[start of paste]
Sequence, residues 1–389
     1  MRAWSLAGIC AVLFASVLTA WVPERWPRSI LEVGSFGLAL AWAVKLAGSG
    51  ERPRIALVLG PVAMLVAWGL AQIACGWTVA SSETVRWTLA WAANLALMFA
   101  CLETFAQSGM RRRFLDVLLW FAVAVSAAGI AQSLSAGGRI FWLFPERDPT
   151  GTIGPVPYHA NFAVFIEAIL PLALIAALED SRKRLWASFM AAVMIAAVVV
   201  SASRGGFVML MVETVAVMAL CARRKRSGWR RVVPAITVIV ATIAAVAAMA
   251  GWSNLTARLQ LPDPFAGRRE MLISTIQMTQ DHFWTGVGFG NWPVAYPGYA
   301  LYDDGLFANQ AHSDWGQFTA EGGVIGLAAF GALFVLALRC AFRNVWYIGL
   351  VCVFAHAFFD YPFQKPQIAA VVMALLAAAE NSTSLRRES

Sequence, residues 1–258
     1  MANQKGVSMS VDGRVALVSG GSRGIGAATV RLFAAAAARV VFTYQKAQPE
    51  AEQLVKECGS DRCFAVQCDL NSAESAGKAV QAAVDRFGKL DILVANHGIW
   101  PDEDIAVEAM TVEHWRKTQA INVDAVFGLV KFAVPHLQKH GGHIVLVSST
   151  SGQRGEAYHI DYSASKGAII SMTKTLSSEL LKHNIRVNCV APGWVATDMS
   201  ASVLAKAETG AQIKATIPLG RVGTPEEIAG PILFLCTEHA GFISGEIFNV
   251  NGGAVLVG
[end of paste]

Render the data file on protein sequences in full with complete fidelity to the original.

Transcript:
Sequence, residues 1–389
     1  MRAWSLAGIC AVLFASVLTA WVPERWPRSI LEVGSFGLAL AWAVKLAGSG
    51  ERPRIALVLG PVAMLVAWGL AQIACGWTVA SSETVRWTLA WAANLALMFA
   101  CLETFAQSGM RRRFLDVLLW FAVAVSAAGI AQSLSAGGRI FWLFPERDPT
   151  GTIGPVPYHA NFAVFIEAIL PLALIAALED SRKRLWASFM AAVMIAAVVV
   201  SASRGGFVML MVETVAVMAL CARRKRSGWR RVVPAITVIV ATIAAVAAMA
   251  GWSNLTARLQ LPDPFAGRRE MLISTIQMTQ DHFWTGVGFG NWPVAYPGYA
   301  LYDDGLFANQ AHSDWGQFTA EGGVIGLAAF GALFVLALRC AFRNVWYIGL
   351  VCVFAHAFFD YPFQKPQIAA VVMALLAAAE NSTSLRRES

Sequence, residues 1–258
     1  MANQKGVSMS VDGRVALVSG GSRGIGAATV RLFAAAAARV VFTYQKAQPE
    51  AEQLVKECGS DRCFAVQCDL NSAESAGKAV QAAVDRFGKL DILVANHGIW
   101  PDEDIAVEAM TVEHWRKTQA INVDAVFGLV KFAVPHLQKH GGHIVLVSST
   151  SGQRGEAYHI DYSASKGAII SMTKTLSSEL LKHNIRVNCV APGWVATDMS
   201  ASVLAKAETG AQIKATIPLG RVGTPEEIAG PILFLCTEHA GFISGEIFNV
   251  NGGAVLVG